Category Archives: MY LIFE AND WELCOME TO IT
For the past week or so, I really haven’t been in the mood for cooking. Blame it on seasonal malaise, winter doldrums or even a somewhat boring Olympics. Anyway, for the most part I’ve been dining on canned soups, leftovers stored in the freezer, sandwiches (egg, tuna and ham salad) and on two occasions when I was out and passed a Subway Shop, a made to order sub sandwich. But today, I was in the mood for really food that would stick to my ribs. OK, so that Polar Vortex is heading back our way and I wanted something that would leave me with some leftovers to get me through any potential freeze-ins!
I call it my RUSTIC CHEESEBURGER MEATLOAF … it is a specially spiced meatloaf that is topped with grated cheese and a special tomato sauce. After tonight’s dinner, which was served with Parmesan Crusted Pasta Shells and a Garden Veggie Mix, I’ll have enough leftovers for five or six more dinners.
And after dinner I actually went back and watched the closing ceremonies of the Winter Olympics. And I take back what I said earlier about boring. I have no idea how they animated those giant stuffed animals at the end.And when the when the bear blew out the Olympic flame
Ok, I’ll admit it! My eyes were a little dewy, too!
This is the thermometer that has been sitting on my kitchen table for over 25 years. It was given to my mother by one of her grandchildren, and by the grace of many angels it has never been knocked off the table and shattered on the kitchen floor.
And if you’ll remember, this was a photo I posted yesterday.
While Mlle. Renee and I slept in this morning, someone had to go and wake the poor groundhog from his winter slumbers so he could see his shadow. Though I don’t know how he could see his shadow on a sunless day like today. So now we can expect our current weather patterns to stick around for all of February and half of March. But then, that’s what the weather wizards had been predicting anyway. Did you know that the groundhog is really a woodchuck? And if a woodchuck could a woodchuck would have preferred to sleep-in chucking wood like Mlle. Renee and I did this morning. Anyway, we’ll be sleeping in a lot this week with two more winter storms moving in on us … first Tuesday and then Friday and Saturday. Brrrr humbug, I say, very brrrr!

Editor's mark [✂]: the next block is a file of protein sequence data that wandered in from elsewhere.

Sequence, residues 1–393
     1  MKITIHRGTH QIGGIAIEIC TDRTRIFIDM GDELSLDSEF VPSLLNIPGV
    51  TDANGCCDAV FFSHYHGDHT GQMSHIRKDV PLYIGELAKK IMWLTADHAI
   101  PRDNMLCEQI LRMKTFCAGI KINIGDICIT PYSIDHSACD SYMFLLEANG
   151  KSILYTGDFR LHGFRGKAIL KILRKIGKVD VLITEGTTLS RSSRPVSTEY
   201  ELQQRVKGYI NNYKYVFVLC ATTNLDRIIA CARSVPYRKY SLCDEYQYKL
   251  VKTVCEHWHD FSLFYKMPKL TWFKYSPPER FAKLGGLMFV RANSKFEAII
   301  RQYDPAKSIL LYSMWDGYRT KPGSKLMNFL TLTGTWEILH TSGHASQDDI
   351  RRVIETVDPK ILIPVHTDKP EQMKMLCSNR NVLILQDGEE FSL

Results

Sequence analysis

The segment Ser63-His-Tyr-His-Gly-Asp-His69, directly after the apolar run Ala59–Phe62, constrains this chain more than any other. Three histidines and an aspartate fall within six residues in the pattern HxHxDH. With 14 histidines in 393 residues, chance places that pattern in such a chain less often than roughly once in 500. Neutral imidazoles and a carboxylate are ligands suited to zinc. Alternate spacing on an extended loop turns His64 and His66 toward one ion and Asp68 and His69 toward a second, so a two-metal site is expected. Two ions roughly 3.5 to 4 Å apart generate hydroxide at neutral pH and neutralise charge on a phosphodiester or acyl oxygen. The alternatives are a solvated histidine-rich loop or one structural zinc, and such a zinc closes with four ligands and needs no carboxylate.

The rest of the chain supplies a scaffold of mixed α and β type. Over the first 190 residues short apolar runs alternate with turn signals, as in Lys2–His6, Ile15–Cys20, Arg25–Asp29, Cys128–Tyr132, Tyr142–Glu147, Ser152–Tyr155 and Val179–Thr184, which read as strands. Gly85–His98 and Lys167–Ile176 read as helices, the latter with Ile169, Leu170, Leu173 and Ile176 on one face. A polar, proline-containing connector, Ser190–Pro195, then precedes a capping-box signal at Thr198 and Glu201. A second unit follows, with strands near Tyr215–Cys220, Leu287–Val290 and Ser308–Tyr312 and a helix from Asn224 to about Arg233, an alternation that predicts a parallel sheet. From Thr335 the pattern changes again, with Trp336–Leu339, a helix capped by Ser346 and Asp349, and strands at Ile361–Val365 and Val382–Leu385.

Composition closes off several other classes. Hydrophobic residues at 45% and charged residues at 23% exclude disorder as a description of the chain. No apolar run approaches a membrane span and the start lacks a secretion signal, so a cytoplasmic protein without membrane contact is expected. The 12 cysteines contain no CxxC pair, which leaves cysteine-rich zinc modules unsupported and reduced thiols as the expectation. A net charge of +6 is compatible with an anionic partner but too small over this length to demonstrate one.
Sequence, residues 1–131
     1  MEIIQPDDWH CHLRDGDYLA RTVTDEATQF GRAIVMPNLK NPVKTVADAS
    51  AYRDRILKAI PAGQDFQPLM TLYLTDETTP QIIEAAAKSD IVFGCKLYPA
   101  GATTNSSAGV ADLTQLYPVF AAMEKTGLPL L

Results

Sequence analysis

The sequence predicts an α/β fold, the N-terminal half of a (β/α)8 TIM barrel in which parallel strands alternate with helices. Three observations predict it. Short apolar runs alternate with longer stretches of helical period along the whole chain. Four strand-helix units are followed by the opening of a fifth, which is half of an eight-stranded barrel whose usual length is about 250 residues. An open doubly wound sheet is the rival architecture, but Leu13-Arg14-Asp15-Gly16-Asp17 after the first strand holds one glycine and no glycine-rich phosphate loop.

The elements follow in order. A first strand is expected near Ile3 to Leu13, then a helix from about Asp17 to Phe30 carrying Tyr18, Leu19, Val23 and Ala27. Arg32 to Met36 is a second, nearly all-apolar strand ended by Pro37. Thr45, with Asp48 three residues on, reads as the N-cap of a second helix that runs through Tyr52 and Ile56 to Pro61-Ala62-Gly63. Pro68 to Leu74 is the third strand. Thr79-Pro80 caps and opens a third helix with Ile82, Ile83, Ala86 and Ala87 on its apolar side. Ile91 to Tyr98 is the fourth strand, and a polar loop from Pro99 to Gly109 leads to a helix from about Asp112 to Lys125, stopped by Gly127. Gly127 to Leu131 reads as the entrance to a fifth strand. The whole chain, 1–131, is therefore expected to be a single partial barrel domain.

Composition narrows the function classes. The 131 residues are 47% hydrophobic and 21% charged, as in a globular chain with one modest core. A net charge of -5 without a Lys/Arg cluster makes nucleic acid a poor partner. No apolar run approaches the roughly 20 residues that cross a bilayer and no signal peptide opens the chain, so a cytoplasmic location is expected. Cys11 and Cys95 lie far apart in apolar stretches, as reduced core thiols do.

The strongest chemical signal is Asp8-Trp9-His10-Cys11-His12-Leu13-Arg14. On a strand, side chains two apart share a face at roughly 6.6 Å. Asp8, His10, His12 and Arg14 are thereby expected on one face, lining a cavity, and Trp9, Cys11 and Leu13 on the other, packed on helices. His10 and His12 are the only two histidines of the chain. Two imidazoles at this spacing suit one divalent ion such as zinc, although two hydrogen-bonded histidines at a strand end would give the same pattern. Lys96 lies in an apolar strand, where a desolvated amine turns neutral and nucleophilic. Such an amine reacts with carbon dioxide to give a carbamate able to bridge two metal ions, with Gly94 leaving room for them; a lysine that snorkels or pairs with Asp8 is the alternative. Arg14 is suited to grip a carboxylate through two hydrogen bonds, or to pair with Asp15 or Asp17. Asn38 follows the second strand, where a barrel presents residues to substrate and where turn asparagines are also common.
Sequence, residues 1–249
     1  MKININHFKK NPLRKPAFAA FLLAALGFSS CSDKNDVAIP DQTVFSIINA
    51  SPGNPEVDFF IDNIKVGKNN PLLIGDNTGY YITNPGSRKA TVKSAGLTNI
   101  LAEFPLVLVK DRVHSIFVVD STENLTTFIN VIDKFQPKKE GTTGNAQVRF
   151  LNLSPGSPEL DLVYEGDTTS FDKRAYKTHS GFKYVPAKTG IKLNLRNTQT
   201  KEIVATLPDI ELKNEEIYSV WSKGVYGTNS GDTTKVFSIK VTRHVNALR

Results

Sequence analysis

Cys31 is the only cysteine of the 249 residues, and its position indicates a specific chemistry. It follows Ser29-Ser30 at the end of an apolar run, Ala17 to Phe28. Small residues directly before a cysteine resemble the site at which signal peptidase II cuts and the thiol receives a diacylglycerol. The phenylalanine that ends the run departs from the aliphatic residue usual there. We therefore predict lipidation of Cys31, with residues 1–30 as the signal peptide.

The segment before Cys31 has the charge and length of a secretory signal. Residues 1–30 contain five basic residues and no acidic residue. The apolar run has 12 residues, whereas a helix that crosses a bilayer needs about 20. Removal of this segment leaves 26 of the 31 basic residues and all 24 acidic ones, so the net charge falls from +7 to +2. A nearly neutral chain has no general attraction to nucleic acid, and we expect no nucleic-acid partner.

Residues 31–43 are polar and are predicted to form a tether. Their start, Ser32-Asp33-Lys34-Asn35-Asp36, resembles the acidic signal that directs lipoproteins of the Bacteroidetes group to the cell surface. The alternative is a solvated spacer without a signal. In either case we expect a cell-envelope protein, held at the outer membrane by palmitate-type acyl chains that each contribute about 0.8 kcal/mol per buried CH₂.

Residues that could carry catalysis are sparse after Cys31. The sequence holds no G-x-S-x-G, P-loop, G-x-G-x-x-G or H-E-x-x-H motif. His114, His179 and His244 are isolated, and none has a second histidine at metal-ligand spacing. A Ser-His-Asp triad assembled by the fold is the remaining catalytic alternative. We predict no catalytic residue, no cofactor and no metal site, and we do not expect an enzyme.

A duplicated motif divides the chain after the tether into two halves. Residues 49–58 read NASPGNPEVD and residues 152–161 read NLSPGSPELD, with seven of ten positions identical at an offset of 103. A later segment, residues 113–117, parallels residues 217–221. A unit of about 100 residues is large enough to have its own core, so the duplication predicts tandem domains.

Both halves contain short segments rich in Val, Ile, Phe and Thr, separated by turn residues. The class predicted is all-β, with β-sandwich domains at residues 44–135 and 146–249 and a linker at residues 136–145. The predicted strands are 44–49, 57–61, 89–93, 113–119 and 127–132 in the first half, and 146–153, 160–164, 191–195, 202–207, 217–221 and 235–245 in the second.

Since we did have a dusting of snow over night, I decided to use my SNOWFLAKE MUG this morning. Though it was almost afternoon before Renee and I got out of bed. And the mug was filled with Van Houtte Chocolat Belge Café or Belgischer Schokoladenkaffe (since they speak both French and German in Belgium) and just a touch of light cream. (Actually very light since it was 2% milk.) It was a very hearty brunch beverage though I should have eaten Belgian Waffles withe strawberry syrup instead of whole wheat toast and strawberry jam.
TODAY’S ORIGAMI PROJECT: Well, I was going to try to fold an origami groundhog, but the closest I could come was his close rodent cousin the flying squirrel. Unfortunately, the final product looks like a groundhog that walked in front of a speeding semi on Route 66 or an extra in a Road Runner cartoon. Enough already, Mlle. Renee says it’s time for her nap. So Happy Groundhog Day to all … Despite his dire prediction.
At the family birthday celebration last month, I was given a HAPPY BIRTHDAY balloon which I brought home and positioned to hover above my desk and computer. And for the last month or so it has just been hanging in there and slowly wasting away to deflation.
EXCEPT FOR THIS MORNING! When I sat down at my desk, I looked up and noticed that it was gone.
The balloon had moved over next to the window.
That was about two hours ago. Right now, I’m afraid to go see where it is now.